Sometimes you can book trailrides at the dude ranches, even when you don't stay there for a ranch week. But, please, CALL them and make an appointment. Don't just GO there and ask for trailrides...

If you want to spend your vacation with the horses, if you want to brush, saddle bridle 'em, ask if they allow that. At some of the ranches they give you the saddled horse and after the ride you give the horse back to the people of the stable and they look after your horse. It's an insurance problem... Some of you might like that, but I WOULDN'T. So, just ask...


What to bring for the ranch vacation:


  • You SHOULD HAVE a cowboy hat. If you think a basecap will do... after your ears and neck got burned you know why you should bring it. And think about a long heavy rain...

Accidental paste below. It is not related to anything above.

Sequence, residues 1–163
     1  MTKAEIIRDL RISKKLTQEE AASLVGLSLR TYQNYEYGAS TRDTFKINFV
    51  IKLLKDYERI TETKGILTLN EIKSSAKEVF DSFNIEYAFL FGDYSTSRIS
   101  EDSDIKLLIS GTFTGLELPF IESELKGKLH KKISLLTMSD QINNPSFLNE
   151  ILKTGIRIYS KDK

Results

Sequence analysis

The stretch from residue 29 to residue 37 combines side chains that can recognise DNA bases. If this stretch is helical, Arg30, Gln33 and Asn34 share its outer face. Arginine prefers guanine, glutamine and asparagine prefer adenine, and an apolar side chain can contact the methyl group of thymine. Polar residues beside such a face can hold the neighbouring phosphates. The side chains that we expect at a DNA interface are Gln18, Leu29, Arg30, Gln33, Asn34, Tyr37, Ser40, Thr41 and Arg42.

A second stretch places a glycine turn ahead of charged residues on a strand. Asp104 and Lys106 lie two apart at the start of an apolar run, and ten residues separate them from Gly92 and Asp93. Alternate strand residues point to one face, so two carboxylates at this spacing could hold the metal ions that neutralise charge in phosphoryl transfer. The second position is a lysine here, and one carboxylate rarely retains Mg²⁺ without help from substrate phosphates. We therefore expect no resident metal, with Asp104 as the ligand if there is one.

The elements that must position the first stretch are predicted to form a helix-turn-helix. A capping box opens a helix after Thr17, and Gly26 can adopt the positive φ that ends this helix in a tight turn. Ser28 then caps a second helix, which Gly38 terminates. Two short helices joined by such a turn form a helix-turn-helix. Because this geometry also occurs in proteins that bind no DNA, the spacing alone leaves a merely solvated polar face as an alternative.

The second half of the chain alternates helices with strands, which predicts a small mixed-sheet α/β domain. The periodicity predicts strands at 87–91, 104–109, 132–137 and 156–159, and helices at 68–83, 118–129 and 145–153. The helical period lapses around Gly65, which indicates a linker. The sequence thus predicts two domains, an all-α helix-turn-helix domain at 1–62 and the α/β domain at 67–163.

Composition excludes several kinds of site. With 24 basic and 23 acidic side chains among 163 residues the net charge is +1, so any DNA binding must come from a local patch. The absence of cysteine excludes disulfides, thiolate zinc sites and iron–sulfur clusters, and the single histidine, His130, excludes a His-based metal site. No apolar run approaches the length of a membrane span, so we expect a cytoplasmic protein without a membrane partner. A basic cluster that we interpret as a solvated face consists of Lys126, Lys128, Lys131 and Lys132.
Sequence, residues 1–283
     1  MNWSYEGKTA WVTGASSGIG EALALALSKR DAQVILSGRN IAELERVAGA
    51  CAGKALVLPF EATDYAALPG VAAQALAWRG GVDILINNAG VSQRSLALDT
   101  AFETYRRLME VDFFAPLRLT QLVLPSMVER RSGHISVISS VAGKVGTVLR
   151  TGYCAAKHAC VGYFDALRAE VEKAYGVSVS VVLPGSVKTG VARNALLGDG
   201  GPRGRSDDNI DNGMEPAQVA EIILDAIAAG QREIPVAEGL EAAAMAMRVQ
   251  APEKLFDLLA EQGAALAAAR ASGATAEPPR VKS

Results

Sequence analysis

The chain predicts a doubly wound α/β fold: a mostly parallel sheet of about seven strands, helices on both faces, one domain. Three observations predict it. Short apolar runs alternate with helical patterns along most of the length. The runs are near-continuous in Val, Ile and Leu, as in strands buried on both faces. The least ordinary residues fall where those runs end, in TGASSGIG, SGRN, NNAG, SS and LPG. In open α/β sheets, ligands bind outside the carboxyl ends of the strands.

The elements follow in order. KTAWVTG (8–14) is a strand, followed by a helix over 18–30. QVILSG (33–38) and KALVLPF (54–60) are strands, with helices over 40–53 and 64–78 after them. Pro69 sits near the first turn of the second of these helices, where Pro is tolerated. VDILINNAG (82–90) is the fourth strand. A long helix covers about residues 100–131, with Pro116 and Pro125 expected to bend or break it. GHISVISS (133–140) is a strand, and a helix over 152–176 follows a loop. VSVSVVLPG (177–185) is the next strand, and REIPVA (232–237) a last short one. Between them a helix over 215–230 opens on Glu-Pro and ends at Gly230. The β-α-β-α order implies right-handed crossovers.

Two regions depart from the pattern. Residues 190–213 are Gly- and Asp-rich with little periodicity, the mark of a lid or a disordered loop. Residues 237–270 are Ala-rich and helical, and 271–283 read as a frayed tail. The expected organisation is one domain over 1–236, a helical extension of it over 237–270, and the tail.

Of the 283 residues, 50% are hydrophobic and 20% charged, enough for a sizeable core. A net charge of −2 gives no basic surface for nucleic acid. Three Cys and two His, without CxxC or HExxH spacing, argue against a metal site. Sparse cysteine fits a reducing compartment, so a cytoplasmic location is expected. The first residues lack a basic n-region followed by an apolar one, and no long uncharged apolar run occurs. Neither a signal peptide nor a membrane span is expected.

• you should bring a slicker. You can get it at western outfitters or (cheaper) at army stores. Rain jackets won't help much. And most of the ranches don't allow ponchos, because a poncho might spook your horse.
  • Chaps protect your legs... brushes, rain, even when it's too hot...

  • Don't forget a bandana...

  • Your jeans shouldn't be new... you should have been on several rides with it to make sure it won't give you trouble...

  • Bring a water bottle!!!

  • You might need gloves...

  • Don't forget your sun glasses...

  • They don't like it when the guests bring saddle bags. Because it is dangerous if you just want to get something out and don't go off the horse.Pommel bags are better and they have space enough for all you need during the ride.


Many ranches have a small ranch store. If you need something special you should call before you go over to check if they have it. The army store might have the same things for 1/3 less...

If you want to take pictures, bring whatever you want. But remember, the expensive camera might not like it to be in a pommel bag for a week. And it might take too much time to get it ready to work for a snapshot. So you should also bring one of the "small and cheap ones"...

If you have more questions, just contact me and ask. I hope I can help you to find the ranch for a vacation you won't forget!!!

HAPPY TRAILS TO YOU...

Dryhead Ranch, Montana